Introducing project Oblio

In the wee hours of Monday morning, while most of my side of the world is tucked away in bed, Europeans sit in stadiums, basking in the shimmering heat rising from black tarmac, and the unmistakable scream of 24 Formula 1 cars. That scream is turned right down on my tv. I don’t want to wake anyone, so I’ve turned all the lights off too. The flickering screen lights the room just enough to see. But I’m so awake; tonight I’m on European time.

This is my first coding blog, and it’s about a software project that burrowed itself into the back of my mind some time during my undergrad years… probably while watching the F1. I wanted to write something that would calculate the fastest path around a given track (for a given car). It should show you the line, the breaking points, how and where to apex. There are so many specific non-trivial questions that one can ask about a racing line, and in lieu of any computational analysis, racers depend on their gut-feelings for answers. Take “turn 8” of Istanbul Park (the Turkish F1 circuit), a sequence of four connected left-handers. You wouldn’t guess by looking at it, but the best approach in a F1 car is to entirely miss the first apex. Someone should write some software, I thought, to answer these questions. It would benefit serious and casual racers and once written could be applied equally well to scale-model racing, marine racing, and cycling.

The project always seemed too daunting. It’s only in the last year that I’ve spent any real time thinking about it. Introducing project Oblio.

Background stuff

The problem has already been tackled … sort of … and solve … ish. Here is a summary of the relevant/related work I’ve come across:

  • F1 teams use racing simulators so that drivers can drive the track over and over, practicing each corner until they’ve perfected them. Check out the Red Bull simulator based on the rFactor physics engine.
  • In Colin McRae Rally 2, the video-game, the AIs are trained neural networks. The neural networks are trained to control the cars — how to steer, brake, and accelerate to get the car to follow the driving line, given that the car will slide around on the road. The driving line, however, was pre-determined… not solved (ref).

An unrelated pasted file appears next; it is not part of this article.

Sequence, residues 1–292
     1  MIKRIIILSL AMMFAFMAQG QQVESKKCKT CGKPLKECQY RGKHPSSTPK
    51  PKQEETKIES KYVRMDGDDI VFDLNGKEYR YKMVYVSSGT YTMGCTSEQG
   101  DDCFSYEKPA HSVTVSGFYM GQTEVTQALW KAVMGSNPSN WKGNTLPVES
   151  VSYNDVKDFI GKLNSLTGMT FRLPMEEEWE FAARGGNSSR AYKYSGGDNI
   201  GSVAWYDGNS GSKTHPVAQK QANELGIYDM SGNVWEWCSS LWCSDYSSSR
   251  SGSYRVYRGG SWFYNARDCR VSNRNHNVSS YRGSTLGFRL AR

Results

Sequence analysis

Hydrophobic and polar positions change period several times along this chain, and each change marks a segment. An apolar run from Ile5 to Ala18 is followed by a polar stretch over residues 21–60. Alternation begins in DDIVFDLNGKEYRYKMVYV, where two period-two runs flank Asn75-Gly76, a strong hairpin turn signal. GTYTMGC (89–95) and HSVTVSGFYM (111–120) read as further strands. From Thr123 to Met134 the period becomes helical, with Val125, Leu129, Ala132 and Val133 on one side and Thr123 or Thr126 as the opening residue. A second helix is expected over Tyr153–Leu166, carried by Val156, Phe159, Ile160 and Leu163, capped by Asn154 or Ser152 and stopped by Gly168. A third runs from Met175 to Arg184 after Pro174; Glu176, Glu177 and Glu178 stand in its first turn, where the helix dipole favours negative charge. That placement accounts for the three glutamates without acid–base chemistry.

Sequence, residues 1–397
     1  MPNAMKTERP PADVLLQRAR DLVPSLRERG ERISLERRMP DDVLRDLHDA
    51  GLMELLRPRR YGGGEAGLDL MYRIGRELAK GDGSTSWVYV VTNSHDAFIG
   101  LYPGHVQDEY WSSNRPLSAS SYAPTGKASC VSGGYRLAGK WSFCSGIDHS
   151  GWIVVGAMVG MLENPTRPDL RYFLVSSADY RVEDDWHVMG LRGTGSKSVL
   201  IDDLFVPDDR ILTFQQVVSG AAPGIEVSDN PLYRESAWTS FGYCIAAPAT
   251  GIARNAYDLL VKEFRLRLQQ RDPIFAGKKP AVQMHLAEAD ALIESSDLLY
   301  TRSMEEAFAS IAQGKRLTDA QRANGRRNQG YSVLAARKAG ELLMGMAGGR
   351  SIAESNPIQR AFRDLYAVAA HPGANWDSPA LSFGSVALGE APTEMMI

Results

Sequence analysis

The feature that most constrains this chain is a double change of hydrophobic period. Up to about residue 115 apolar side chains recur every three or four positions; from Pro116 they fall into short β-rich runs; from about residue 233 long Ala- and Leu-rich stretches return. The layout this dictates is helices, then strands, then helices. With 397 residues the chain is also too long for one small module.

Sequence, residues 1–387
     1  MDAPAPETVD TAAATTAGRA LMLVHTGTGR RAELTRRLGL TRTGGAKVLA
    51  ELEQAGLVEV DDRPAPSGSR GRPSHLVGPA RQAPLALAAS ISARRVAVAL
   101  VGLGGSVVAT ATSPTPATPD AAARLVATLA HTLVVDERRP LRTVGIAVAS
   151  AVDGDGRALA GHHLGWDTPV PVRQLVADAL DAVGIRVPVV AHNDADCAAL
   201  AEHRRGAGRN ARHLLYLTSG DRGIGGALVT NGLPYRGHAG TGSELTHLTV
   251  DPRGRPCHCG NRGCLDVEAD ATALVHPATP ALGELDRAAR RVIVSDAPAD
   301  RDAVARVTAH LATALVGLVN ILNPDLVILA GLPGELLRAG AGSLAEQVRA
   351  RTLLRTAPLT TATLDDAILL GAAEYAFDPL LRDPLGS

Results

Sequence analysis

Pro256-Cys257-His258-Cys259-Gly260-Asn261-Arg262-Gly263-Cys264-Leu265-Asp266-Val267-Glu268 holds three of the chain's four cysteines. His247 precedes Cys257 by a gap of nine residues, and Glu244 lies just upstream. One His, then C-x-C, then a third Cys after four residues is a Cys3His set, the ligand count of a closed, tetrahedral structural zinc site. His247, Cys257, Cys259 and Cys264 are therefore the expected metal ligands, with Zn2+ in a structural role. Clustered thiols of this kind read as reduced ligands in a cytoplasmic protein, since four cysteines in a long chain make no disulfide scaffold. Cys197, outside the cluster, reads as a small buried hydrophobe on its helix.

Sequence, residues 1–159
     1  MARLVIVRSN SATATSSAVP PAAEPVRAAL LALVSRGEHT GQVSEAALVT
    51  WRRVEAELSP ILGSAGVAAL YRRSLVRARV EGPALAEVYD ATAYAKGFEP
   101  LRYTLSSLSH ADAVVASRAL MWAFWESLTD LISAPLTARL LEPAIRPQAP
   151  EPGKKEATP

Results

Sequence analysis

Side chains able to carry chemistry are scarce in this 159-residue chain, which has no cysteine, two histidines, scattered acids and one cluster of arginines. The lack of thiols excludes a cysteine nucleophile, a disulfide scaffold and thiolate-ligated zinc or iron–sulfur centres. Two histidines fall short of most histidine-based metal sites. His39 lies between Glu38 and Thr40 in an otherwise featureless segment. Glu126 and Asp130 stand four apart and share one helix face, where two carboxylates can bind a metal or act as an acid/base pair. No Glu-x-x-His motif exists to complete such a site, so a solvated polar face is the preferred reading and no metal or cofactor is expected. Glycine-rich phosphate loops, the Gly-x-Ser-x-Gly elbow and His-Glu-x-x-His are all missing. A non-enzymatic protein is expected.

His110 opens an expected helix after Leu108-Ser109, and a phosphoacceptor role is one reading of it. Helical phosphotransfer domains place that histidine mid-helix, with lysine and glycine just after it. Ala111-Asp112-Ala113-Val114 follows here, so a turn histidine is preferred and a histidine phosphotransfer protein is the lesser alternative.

• Gran Turismo also used pre-determined driving lines for its AIs.
  • There are generic optimisation algorithms, such as “A*”, which may be adapted to this problem. However they are more commonly used to find the shortest path, not the quickest path, and it is unclear (to me) whether they would be computationally feasible. Have a look at a book called “AI Game Programming Wisdom”.
  • RARS has been inactive for 7 years now. It was an on-line race driven between ai-driven cars. The developers would not know the track prior to the race, so the cars had to use input from their simulated environment to control themselves automatically. Most of the ideas are pretty basic. Examples include using imaginary probes in front of the car that push off oncoming walls to keep the car on the track — too primitive really.
  • There is a really fun document by Brian Beckman called “The Physics of Racing“. Brian covers a huge number of areas including tyre grip budgets (distributed between cornering, braking, and acceleration), suspension (their response to bumps in the road). A couple of chapters are dedicated to analysing cornering strategies, but these are restricted to isolated corners.
  • Thomas Gustafsson from Linköping University has addressed my question in his thesis, “Computing The Ideal Racing Line Using Optimal Control“. His simulations require hours (even days) to run on a server. This precludes implementing his method in consumer software (and forget about the iPhone app). Nevertheless, Thomas’s work provides some great insights.

… post to be continued.